I had an on-site interview with a software company, which included 4 interviews, lunch and a meeting with the manager.

After the meeting with the manager, he was walking me out and I asked "so did I get the job" even though I know he could not tell me (I have no idea why I asked).

Things got awkward for a second and he said can't tell me now for legal reasons.

Did I ask something that was really taboo/inappropriate?

I don't think it'll prevent me from getting the job, but it seems like it wasn't a good look (he might've thought I was impatient or didn't understand boundaries).


2 Answers 2


Honestly, it depends very much on the rapport you have built with the interviewing panel. I have done this once when they asked me if I had any questions at the end of the interview. I said it with a smile, so they knew I was only joking. To my surprise, the lead interviewer answered wryly, "Yes, but I can't tell you that."

I can't say if it had or hasn't hurt your chances on this job. I suspect not, but without being present it is difficult to gauge your manager's reaction.

Whether you do or don't get this particular job, there is nothing you can do about it now. Just learn to try to read the situation more carefully in future.

  • 1
    Ok. Thanks for the advice. We had like an hour conversation about work, what I'm looking for, company culture, etc. Everything but this seemed to go well. But based on what you and the other person said, I'll never ask that again (still confused as to why I asked it to begin with). There's not much to gain and I can basically only lose. If I lose the job because of this, then oh well.
    – David Ivan
    Commented Nov 18, 2018 at 22:25
  • I doubt that in many cases the interviewer would already know though? Isn't it only normal that the interviewer would look over all candidates once again, possibly discuss with future teammates and then make a decision?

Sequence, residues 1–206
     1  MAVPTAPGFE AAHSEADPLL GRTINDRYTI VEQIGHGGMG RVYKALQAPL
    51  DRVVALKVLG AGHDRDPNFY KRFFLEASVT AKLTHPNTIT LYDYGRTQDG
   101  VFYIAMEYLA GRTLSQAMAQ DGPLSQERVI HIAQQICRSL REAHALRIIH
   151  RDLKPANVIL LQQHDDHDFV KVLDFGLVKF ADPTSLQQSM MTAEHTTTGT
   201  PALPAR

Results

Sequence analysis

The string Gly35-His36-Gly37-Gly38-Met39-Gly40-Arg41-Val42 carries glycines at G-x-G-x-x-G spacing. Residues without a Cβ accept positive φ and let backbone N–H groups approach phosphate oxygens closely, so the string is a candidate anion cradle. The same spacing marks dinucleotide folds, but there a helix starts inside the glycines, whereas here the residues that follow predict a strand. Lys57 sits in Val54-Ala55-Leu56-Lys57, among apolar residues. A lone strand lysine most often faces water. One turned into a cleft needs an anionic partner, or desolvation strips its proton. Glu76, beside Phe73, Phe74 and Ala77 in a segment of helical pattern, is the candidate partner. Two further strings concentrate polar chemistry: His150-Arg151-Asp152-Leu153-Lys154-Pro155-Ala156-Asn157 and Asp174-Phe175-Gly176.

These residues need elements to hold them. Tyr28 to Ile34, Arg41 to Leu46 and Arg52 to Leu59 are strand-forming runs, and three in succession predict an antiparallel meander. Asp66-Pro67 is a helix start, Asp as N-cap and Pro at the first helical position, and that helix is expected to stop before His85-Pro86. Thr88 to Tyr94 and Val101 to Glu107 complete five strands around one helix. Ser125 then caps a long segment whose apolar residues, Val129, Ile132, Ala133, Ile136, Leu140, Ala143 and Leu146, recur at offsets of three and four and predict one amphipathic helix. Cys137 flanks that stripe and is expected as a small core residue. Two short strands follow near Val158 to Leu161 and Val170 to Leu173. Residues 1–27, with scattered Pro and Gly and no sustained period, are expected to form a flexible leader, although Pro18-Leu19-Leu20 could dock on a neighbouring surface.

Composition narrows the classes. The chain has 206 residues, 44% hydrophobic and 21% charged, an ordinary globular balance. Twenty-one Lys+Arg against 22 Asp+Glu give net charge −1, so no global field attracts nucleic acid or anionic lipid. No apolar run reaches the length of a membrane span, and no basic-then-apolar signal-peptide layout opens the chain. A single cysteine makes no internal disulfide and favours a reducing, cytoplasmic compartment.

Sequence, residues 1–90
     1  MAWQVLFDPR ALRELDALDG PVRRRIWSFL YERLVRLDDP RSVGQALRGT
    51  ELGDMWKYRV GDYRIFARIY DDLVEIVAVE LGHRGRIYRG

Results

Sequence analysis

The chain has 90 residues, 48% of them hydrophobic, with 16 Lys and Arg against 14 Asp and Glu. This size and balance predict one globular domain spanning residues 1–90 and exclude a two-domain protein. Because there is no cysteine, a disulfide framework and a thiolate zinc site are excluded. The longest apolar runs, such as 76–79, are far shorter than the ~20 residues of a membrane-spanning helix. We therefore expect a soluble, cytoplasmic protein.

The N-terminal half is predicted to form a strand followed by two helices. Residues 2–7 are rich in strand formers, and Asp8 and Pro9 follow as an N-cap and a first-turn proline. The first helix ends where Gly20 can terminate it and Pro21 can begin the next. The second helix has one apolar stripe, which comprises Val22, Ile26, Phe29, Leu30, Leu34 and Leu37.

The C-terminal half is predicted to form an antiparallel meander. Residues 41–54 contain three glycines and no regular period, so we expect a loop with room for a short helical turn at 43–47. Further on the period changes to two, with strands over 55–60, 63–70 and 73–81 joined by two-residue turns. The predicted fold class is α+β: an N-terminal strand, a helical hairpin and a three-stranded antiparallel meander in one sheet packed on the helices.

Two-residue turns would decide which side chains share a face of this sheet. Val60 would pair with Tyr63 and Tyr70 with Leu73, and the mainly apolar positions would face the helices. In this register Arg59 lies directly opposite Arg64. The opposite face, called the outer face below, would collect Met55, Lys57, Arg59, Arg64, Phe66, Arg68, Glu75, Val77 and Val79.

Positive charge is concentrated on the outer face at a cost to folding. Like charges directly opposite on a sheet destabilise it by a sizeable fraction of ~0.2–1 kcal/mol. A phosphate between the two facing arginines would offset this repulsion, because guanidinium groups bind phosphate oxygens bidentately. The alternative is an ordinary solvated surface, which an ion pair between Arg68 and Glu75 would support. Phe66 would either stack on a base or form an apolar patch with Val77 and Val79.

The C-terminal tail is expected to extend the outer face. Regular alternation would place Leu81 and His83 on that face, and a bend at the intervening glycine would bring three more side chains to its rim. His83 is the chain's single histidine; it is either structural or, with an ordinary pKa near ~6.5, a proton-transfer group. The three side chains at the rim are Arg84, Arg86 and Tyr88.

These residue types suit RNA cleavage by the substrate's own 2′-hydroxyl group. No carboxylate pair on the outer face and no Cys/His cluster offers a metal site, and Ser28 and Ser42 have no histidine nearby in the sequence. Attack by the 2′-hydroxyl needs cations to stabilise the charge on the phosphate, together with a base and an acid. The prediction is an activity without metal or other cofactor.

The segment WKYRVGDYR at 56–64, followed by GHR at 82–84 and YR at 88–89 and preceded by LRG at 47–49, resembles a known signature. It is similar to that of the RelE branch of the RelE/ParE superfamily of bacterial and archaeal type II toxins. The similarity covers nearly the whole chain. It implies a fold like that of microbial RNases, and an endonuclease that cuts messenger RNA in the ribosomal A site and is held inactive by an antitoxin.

– Summer
    Commented Nov 19, 2018 at 10:28

Asking the question like that comes across as naïve:

  1. it makes you sound desperate;
  2. the interviewer should, in theory, wait until he/she has seen all the shortlisted candidates, even if he/she thinks you are the strongest candidate;
  3. even if the interviewer is certain that he/she wants to hire you, he/she may not be empowered to make the decision unilaterally.

These constitute "red flags", because they give the impression that you do not understand the basic realities of how the company operates.

Better to ask:

When can I expect to hear about the outcome?

This demonstrates clearly that you are interested in the job, but understand the rules of engagement. Of course, if you have other offers on the table, it may be worth hinting that you need a rapid response (NB: this can backfire, if the potential employer is not that desperate to hire you).

  • Yes! I've read "interview tips" articles online that recommend you "Ask for the job". Also, when recruiters are prepping me for interviews they always tell me to ask for the job at the end of the interview. It's garbage! I never do it, it sounds stupid. I express interest in the job if I'm interested and ask about the next steps. Never do I ask "Can I have the job?" or "Did I get the job?".
    – CrazyPaste
    Commented Nov 20, 2018 at 17:04

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